Capturing the antics of skiers and snowboarders on film is as natural as falling down the mountain.
From the black-and-white travelogues of Otto Lang, to the droll, humorous vignettes of Warren Miller, to the outrageous stunts (and puns) of Greg Stump, to the high-res thrillers of Matchstick Productions and Teton Gravity Research, ski film makers have had an integral part in making the sport both enticing and exciting for generations of skiers and snowboarders.
And now with the proliferation of smart phones and GoPros and other digital means of capturing live action, any skier or snowboarder can be a film maker. But not all wannabe auteurs have what it takes to translate what transpires on the hill into the imagination of strangers.
And those that do have the chops often largely go unnoticed by a wider audience.
However, there is a great way to identify the next gen of quality ski film makers and it takes place in Lake Tahoe, where every winter for the last half-dozen years the Shreddit Showdown contest is held.
Developed and organized by Granite Chief, a high-end skiing and mountaineering shop in Truckee, the Shreddit Showdown is open to amateur film makers anywhere who think they can capture THAT moment, whether it’s on the slopes, in the park or in the backcountry.
The rules are fairly simple: Entries must have a skiing or snowboarding theme and/or storyline, must be three minutes (more or less) in length, must be in the highest resolution possible and must be shot in 24 frames per second (fps).
There are three prize categories — Adult (18 and over), Teen (13-17) and Grom (12 and under) — and judging, for adults, will be based talent of the subjects, entertainment value, creativity, use of equipment and terrain and overall impression; the younger categories’ edits will be judged on the variety of skiing/snowboarding, the uniqueness and creativity of the edit, the technicality of the skiing and overall impression.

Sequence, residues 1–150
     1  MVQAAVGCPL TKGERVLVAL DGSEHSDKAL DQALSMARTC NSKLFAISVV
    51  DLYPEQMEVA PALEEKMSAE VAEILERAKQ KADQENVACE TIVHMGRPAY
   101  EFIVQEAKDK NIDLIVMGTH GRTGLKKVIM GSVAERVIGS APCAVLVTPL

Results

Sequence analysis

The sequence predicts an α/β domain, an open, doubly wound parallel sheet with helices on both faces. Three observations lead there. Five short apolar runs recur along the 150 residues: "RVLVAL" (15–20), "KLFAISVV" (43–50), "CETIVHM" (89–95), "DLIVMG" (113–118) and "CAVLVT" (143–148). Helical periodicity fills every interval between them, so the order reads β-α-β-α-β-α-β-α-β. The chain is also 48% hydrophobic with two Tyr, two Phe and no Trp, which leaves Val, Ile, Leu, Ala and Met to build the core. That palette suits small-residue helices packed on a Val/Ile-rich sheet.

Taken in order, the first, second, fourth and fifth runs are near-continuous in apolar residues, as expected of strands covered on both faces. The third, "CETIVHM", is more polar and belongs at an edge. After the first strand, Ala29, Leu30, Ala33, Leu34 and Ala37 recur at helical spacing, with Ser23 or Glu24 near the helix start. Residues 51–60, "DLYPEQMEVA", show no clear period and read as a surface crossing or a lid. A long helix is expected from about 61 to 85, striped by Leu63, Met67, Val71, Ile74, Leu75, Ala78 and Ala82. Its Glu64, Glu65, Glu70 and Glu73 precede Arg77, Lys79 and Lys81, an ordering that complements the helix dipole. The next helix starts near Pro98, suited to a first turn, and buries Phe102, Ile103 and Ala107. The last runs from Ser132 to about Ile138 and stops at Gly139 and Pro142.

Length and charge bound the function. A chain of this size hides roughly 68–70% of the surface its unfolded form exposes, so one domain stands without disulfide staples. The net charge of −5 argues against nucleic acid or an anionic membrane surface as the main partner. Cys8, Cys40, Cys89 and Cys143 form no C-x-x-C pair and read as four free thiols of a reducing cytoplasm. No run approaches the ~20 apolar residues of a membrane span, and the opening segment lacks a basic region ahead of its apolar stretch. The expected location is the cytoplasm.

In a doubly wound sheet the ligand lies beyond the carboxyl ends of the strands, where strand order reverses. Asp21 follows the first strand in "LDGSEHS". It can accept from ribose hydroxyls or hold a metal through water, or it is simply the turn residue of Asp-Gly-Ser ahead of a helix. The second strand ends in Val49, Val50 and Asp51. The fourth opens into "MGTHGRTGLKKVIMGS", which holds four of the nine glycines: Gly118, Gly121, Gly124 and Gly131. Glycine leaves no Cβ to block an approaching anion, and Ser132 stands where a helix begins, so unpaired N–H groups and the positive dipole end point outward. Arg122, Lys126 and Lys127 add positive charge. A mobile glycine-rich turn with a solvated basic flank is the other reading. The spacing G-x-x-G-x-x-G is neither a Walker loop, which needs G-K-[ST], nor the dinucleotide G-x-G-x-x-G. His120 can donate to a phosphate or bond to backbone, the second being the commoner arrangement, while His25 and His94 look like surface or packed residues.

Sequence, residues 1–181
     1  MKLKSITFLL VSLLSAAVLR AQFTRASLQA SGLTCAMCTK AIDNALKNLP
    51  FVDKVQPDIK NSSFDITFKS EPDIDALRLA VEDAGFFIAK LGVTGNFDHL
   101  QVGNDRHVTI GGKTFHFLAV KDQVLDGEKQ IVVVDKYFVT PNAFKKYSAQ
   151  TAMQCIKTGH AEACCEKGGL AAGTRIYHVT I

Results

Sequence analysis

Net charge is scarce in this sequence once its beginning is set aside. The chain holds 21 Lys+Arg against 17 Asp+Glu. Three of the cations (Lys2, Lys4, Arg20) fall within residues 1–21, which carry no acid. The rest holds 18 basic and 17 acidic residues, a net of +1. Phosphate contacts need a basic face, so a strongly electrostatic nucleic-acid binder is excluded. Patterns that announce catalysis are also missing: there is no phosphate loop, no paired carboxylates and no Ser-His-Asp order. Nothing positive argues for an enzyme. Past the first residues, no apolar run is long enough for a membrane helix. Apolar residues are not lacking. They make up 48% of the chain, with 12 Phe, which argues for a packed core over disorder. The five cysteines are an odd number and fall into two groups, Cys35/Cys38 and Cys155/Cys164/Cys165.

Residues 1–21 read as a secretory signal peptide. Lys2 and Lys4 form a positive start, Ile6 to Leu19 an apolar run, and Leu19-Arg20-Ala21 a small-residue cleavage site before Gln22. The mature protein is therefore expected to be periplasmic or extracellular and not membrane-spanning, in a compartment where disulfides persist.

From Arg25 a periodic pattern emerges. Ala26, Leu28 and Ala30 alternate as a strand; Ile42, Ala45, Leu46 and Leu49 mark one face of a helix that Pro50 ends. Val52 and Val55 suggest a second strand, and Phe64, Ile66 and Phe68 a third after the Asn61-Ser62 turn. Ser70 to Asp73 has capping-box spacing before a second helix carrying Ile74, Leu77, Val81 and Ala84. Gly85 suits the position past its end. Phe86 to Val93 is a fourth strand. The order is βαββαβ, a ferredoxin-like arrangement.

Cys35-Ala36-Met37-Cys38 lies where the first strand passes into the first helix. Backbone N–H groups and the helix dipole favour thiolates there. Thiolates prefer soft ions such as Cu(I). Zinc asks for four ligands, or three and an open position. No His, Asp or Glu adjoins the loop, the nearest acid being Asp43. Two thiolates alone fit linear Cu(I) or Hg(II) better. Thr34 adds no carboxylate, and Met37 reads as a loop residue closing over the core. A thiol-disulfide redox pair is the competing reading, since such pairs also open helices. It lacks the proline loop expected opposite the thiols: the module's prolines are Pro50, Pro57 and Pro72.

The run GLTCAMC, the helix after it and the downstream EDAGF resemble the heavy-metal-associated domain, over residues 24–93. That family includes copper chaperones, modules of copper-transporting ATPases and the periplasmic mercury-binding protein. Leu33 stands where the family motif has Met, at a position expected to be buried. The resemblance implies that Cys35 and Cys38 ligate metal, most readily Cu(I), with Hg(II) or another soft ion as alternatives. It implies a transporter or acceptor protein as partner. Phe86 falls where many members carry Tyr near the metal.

Prizes — from such sponsors as Blizzard, Tecnica, FlyLow, Orage, Smith and GoPro — will be awarded to the top three finalists in each category; there will also be People’s Choice awards (given to those edits receiving their most likes and hearts on Granite Chief’s Facebook page) for entries not the top three of the judged categories.
And the best prize of all? The submissions will be shown on the big screen at the Tahoe Art Haus & Cinema in Tahoe City sometime in early April (date not yet determined).
Deadline for entries is mid-March; check out granitechief.com for Shreddit Showdown details and a peek at some edits submitted to the five previous ski movie contests.